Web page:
Sales of electric and hybrid vehicles are surging in major markets including China, Europe and North America, and reached 3 million vehicles in 2020, 4.6% of total sales. In Europe, their market share reached 10%. According to the projections of the International Energy Agency, their global market share could reach between 10.4% and 19% in 2025.
A number of countries have already announced plans to phase out sales of combustion engine vehicles in within the next 10-20 years, a trend given further impetus by the agreement at COP26 of some 24 nations and a group of leading car manufacturers to end the sale of fossil fuel-powered vehicles by 2040
Until now, consumers have been unable to access reliable information on how well vehicle batteries will perform over time, casting doubts on the sustainability of their investment. This could change thanks to a proposal for a new legal instrument to ensure minimum durability of batteries fitted in full electric and plug-in hybrid cars, endorsed by the World Forum for Harmonization of Vehicle Regulations (WP.29), hosted by UNECE. This marks the first international effort, supported by Canada, China, Japan, Republic of Korea, the United Kingdom of Great Britain and Northern Ireland, the United States of America and the European Union to regulate the issue of battery degradation.
The new provisions, developed as a UN Global Technical Regulation (GTR), will require manufacturers to certify that the batteries fitted in their electric vehicles (EVs) will lose less than 20% of their initial capacity over 5 years or 100,000 kms and less than 30% over 8 years or 160,000 kms.
This would prevent the use of low-quality batteries, ensuring that only durable batteries are installed in EVs. This is crucial to increase consumer trust, and to improve the environmental performance of EVs beyond their low emissions output. Making sure each battery lasts longer would help to ease the pressure on in-demand critical raw materials needed for their production, and reduce waste from used batteries.
André Rijnders, Chair of the Working Party on Pollution and Energy (GRPE) which developed this proposal, said: “Under the proposed regulation, accurate information about the health and remaining capacity of the battery will be made freely available to the vehicle owner. This will provide valuable information for used/second-hand EV transactions and other changes of vehicle owner.”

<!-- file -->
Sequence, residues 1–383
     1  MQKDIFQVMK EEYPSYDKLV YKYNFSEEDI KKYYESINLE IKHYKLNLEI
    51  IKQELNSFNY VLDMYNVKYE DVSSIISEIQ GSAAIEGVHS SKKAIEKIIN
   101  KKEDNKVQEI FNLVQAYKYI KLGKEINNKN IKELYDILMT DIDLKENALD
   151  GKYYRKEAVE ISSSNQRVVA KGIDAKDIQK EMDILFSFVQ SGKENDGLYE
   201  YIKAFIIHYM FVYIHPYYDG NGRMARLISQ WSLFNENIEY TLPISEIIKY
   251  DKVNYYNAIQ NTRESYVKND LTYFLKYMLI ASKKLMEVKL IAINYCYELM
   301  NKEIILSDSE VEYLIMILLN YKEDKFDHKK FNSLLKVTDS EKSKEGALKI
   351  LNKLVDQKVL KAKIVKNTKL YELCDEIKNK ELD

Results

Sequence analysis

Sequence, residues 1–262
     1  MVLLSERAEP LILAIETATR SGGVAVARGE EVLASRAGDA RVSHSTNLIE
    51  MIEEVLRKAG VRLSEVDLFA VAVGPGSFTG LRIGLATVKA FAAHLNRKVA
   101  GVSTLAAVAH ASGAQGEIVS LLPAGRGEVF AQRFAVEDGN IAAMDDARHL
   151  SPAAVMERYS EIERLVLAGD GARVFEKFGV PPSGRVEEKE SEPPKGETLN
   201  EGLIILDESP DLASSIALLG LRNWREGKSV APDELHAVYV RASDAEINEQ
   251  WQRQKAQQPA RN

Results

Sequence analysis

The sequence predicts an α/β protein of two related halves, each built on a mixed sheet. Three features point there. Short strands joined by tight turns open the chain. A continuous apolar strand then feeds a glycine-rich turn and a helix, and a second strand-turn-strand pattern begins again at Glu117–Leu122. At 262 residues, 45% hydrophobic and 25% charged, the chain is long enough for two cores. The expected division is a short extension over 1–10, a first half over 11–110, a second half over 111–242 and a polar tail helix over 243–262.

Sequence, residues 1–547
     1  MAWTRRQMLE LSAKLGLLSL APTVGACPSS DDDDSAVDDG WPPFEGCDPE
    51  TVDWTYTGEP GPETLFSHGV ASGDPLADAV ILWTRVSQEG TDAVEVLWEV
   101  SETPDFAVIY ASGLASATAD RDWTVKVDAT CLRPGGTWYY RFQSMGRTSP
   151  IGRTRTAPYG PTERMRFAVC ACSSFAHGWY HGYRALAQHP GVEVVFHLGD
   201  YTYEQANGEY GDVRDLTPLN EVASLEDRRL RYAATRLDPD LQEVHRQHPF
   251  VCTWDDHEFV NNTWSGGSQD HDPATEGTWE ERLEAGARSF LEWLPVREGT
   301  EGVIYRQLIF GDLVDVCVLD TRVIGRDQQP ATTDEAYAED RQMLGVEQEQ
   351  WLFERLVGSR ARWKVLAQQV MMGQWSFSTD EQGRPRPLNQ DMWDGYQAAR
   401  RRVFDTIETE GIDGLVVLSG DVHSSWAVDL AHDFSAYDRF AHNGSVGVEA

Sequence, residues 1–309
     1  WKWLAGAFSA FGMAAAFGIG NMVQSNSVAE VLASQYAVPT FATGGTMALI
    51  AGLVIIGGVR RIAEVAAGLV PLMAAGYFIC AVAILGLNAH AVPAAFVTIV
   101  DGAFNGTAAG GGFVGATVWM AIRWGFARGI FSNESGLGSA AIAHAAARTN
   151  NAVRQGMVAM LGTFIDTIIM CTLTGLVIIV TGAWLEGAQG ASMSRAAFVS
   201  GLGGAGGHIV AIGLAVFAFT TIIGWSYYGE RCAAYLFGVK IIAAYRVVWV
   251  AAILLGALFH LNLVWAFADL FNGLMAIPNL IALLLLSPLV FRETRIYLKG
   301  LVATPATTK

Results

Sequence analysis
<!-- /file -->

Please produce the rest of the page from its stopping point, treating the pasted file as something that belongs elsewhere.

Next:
Each vehicle will have to report its own battery health status to the relevant national or regional authorities, via over-the-air data transmission or other means to be determined depending on local conditions.
The agreed proposal will be put to a vote at the WP.29 session of March 2022. Countries voting in favour of the new legal text will need to transpose it into their national/regional legislation with a dedicated timeline of entry into force of the new regime, which could come as early as 2023.
Note to editors
About the World Forum for Harmonization of Vehicle Regulations
The World Forum for Harmonization of Vehicle Regulations, hosted by UNECE, is a unique global platform responsible for the regulatory frameworks regarding the safety and environmental performance of vehicles, their subsystems and parts.
The World Forum manages three Global Agreements on vehicles: 1958 Agreement (UN Regulations); 1998 Agreement (UN Global Technical Regulations); and 1997 Agreement (UN Rules on Periodic Technical Inspections). Any country that is member of the United Nations may participate in the activities of the World Forum and accede to the Agreements.
United Nations Global Technical Regulations (UN GTRs) contain globally harmonized performance-related requirements and test procedures. They provide a predictable regulatory framework for the global automotive industry and consumer associations. They do not contain administrative provisions for type approvals and their mutual recognition.
The Working Party on Pollution and Energy (GRPE) is one of the six subsidiary bodies of the World Forum. Its work focuses on defining exhaust, energy efficiency and power measurement procedures for all modes of inland transport in order to limit environmental damage.